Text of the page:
I’m actually disturbed by the idea of using statistics at all as the measure of when certain problems become important. When questions such as health, housing, food, etc. are involved, then the real question is whether people are expendable are not. People who found arguments about basic support or access to medical care on an acceptible statistic of “unmet need” (or the politically craftied “denial of entitlement”) are saying that anyone who falls into the unmet need category is expendable. If follows that the poor are more expendable than the rich. Perhaps the stampede to identify with special classes (including the class of depressed people that the pharma ads have been targeting) is simply a symptom of the knowledge that a person is expendable if they aren’t specifically privileged? Think about all that advice to “network” (and attirbuting problems to failure to make friends): isn’t that just a way of enforcing class since people might be expendable if they don’t form (deferential?) relationships with those who have access to resources? It’s really sad if the only way a civilization can maintain productivity is to keep up an ongoing threat of expendability.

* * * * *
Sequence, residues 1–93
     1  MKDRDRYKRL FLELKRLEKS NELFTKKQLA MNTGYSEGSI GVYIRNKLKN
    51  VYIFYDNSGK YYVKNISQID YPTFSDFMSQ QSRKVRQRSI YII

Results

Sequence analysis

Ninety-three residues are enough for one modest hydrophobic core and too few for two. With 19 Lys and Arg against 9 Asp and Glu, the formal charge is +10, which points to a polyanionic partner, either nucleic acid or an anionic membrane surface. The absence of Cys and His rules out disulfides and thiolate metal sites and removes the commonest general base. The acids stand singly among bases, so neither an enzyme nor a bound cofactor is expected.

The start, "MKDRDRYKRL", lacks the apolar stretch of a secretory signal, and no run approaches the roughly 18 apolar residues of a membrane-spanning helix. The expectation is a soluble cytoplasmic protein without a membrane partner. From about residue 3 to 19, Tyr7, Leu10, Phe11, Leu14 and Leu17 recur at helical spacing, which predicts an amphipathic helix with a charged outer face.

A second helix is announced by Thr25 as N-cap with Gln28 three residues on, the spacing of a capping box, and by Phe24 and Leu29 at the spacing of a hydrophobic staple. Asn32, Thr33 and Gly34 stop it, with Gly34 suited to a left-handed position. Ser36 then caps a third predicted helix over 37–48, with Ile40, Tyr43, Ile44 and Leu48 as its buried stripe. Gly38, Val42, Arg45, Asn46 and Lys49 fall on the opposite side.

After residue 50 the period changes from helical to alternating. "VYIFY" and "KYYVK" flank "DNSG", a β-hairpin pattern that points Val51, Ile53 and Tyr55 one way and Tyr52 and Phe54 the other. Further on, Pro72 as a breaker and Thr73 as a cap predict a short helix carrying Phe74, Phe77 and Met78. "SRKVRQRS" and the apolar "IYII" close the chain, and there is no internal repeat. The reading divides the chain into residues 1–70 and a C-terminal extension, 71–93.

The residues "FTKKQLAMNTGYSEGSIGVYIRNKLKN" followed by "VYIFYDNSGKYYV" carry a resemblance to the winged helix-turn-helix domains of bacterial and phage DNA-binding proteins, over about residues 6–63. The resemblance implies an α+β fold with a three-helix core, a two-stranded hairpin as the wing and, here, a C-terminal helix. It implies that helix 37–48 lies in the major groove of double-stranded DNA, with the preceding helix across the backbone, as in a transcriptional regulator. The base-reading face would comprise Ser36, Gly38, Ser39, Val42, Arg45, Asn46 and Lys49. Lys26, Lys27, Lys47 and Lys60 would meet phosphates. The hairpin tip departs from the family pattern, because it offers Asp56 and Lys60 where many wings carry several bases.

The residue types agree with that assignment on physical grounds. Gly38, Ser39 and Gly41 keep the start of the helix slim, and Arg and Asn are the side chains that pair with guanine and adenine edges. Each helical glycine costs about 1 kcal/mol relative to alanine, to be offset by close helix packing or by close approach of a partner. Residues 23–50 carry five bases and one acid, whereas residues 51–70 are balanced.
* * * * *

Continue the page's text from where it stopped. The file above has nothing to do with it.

4. I totally agree, gadfly. I don’t believe everything single thing I read. The healthy skeptism that is your infer cuts both ways…when the numbers agree with your point of view and when they don’t. The original posting seems to only show skeptism when the number don’t agree with a point of view. That viewpoint expressed was based mostly on personal experience.
    Again, I am not denying that there is a problem with uninsured in America. I just believe it is a little hypocritical to become a “learned skeptic” only when number disagree with your viewpoint. Throwing the analogy of WMD only reveals that the opinion expressed is mostly personal bias (which is fine) but not factual.